In 1989, the Kentucky Heritage Quilt Society organized a "Quilters' Day Out" on the third Saturday of March to celebrate the rich tradition of quilt making in Kentucky. In 1991, the NQA officers were so enthused with the concept and success of "Quilters'Day Out" that they voted to take it to a national level.  The name changed to National Quilting Day.  This year the day fell on March 21.  The organization selected a quilt pattern for the year.  I made mine a bit differently in that I put a border on mine.  

I continued to make Fidget Blankets for some of the residents at the Health Center where my mom is a resident.  I delivered six more.

I was given some beautiful blocks from a friend, but they were already quilted, some with a fleece backing.  I believe the person who gave them to my friend had tried to do the "quilt as you go" method but it didn't work.  I didn't know what to do with them, so finally made pet bed pads.  The Oregon Humane Society loved them.

The last project I worked on this spring was a mosaic project.  I have always wanted to make a bird bath for display on my porch and that was what I decided to make.  I love the finished project and it sits proudly on my porch. 

I have three more quilt tops ready, but they will wait until my next major project is completed: my new long-arm quilting studio.  That is the exciting next step!

Happy summer peaceful adventurous summer!

Friday, June 05, 2015

Thank You Notes: A Lost Art?

Okay I can understand that schools are no longer teaching children how to write cursive, although I am not sure how they will learn to sign their names.  But cursive writing is on it's way out as a lost form of writing.  Like the monks slaving over manuscripts with quill in hand, writing beautiful letters in calligraphy, our children have been slaving over lined paper trying to write cursive.  And why?  Everyone knows they will learn to text much faster from repeated lessons and practices.  So yeah I get the loss of teaching cursive.  I don't LIKE it, but I understand it.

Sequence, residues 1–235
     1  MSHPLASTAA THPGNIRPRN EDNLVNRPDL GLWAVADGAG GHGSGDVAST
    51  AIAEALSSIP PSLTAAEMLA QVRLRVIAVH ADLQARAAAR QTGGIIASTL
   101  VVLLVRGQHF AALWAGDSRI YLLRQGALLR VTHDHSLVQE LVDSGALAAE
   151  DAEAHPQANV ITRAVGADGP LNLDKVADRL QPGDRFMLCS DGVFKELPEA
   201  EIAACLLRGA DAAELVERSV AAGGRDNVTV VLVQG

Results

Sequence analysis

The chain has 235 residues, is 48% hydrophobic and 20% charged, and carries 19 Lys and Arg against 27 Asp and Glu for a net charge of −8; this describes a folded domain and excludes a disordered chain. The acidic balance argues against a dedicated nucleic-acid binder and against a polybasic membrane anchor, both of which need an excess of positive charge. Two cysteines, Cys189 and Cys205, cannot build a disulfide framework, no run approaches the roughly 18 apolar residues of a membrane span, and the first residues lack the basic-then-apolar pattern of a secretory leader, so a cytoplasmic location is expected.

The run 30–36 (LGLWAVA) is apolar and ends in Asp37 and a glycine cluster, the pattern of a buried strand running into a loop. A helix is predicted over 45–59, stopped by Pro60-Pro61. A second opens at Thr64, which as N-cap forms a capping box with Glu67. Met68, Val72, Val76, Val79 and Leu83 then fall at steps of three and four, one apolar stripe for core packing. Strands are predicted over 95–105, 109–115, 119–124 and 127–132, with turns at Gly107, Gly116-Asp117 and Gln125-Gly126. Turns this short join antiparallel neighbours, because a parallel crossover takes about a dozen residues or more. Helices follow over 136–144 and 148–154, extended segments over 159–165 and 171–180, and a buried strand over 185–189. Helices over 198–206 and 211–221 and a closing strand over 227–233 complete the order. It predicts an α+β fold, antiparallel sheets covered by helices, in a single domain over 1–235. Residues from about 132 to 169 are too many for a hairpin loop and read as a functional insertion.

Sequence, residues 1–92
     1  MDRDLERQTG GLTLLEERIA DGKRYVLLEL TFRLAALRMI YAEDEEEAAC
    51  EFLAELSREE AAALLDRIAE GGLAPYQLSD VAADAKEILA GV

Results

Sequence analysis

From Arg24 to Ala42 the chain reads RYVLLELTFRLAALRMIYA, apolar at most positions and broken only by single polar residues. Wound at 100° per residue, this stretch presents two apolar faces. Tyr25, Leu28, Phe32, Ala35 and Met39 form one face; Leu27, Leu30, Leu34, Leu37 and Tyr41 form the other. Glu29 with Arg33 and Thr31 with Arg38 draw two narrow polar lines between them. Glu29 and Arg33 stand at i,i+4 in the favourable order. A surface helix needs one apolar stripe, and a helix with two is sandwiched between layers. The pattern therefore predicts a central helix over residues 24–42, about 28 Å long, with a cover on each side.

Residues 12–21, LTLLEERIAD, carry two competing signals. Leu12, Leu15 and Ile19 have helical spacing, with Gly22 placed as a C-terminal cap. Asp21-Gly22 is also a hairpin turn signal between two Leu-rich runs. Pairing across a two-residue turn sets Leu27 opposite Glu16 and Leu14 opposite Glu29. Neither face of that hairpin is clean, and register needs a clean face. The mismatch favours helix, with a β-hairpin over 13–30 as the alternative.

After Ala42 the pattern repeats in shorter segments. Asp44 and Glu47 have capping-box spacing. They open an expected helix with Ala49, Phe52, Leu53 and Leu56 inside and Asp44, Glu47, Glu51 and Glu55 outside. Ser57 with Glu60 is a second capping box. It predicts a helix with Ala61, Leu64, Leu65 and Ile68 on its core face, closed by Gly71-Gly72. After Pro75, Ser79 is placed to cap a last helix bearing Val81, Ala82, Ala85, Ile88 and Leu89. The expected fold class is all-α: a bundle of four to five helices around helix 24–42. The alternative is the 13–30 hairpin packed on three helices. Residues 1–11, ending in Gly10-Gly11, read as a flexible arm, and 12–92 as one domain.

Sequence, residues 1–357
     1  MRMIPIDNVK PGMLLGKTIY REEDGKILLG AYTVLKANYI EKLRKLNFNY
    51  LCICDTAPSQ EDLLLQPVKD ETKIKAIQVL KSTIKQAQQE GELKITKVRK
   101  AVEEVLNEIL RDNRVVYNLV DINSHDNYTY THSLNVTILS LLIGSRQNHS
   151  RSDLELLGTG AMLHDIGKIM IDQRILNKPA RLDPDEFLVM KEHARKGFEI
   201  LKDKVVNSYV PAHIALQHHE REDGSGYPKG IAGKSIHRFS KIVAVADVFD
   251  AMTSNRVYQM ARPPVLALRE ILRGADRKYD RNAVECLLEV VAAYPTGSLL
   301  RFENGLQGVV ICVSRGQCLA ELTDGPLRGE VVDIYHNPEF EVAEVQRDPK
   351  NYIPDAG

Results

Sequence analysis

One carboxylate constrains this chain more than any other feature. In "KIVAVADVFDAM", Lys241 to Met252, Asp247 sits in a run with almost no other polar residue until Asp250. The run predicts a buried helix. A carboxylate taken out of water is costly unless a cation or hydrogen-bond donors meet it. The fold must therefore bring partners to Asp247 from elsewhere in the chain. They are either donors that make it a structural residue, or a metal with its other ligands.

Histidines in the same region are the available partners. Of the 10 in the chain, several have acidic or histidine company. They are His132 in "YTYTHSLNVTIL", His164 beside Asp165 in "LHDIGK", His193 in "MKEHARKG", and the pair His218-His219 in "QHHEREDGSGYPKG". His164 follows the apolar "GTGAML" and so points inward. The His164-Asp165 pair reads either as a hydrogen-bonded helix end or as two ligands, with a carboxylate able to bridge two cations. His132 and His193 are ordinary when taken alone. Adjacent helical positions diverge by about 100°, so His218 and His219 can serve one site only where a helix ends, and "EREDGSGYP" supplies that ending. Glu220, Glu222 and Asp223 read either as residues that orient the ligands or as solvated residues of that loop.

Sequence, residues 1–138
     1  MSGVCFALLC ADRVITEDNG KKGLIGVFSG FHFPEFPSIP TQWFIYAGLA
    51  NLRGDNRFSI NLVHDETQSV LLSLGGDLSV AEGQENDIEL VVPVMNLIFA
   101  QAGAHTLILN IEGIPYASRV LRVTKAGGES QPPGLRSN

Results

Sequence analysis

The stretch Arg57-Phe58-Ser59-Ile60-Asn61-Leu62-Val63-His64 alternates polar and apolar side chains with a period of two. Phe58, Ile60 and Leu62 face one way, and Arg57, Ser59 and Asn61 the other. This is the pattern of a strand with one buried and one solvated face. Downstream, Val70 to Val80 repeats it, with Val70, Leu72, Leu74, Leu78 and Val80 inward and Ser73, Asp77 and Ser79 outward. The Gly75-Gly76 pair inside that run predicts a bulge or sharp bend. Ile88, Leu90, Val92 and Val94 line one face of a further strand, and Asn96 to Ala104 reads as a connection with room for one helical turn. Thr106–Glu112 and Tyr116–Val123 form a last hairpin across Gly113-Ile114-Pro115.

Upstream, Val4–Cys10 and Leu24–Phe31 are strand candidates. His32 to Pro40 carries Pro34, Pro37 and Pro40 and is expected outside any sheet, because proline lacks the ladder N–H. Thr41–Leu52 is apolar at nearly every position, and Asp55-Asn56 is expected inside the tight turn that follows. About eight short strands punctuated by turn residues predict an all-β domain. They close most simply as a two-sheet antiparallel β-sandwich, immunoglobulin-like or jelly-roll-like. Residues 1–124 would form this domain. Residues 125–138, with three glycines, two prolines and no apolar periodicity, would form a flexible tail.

What I don't understand is the loss of writing notes.  I love getting mail from people other than bill collectors or donation requests.  But with technology today, this may also be a thing of the past.  And remember email?  Yeah it is passe.  Why actually form full sentences when you can Tweet whole ideas in 140 characters, counting spaces?  Why write out an email when you can text someone in multiple back-and-forths?

Okay so I get why note writing and mailing are losing the communication battle.  I used to get tweeked when I'd get a message in Facebook on the hour of a barbeque party that the person wasn't coming and I'd get twerked with a text message an hour into the party that two guests weren't coming.  I mean, they both had their phones in their hands...  But I am not longer a purist and accept--hell, expect--messages to come from anywhere but the mailbox or the telephone.

Okay.  Times change.  But when did the Thank You Note go away?  I send gifts at Christmas and never even know if the person received the gift.  I send birthday gifts and hear nothing.  These are to adults and to kids.  Nada.  Nothing.  So I finally (about a month or so after the send) send an email or a Facebook message or a text: we are concerned as we have heard nothing...did our Christmas/baby/wedding/birthday gift arrive Safely?  If not, I will need to start a search.

On Christmas day after breakfast and gift-opening messes are cleaned up a bit, I sit my grandgirl down with me and we write thank you notes for our gifts.  We have been doing this since she was about three and could scribble her name.  I make it a little game.  She's not always excited to do it but she does it without complaining.  Then we address the envelopes and stick a stamp on them and sticking them in the mail.  I hope this practice stick with her...I did it with my sons, years didn't stick.

So maybe my generation is the final generation to stamp and mail thank you notes.  I accept that, kinda.  But is my generation the final generation to thank people in general?  Not a tweet.  Not an email.  Not a text of thank you.  Besides not feeling the gratitude of selecting a gift, wrapping it and mailing it (regardless of how much you hate it), it is just rude (IMHO) to not acknowledge this event.

Oh oh so perhaps we need to have classes on how to write thank you notes!  We could include cursive writing as well...just a thought as we watch these things disappear...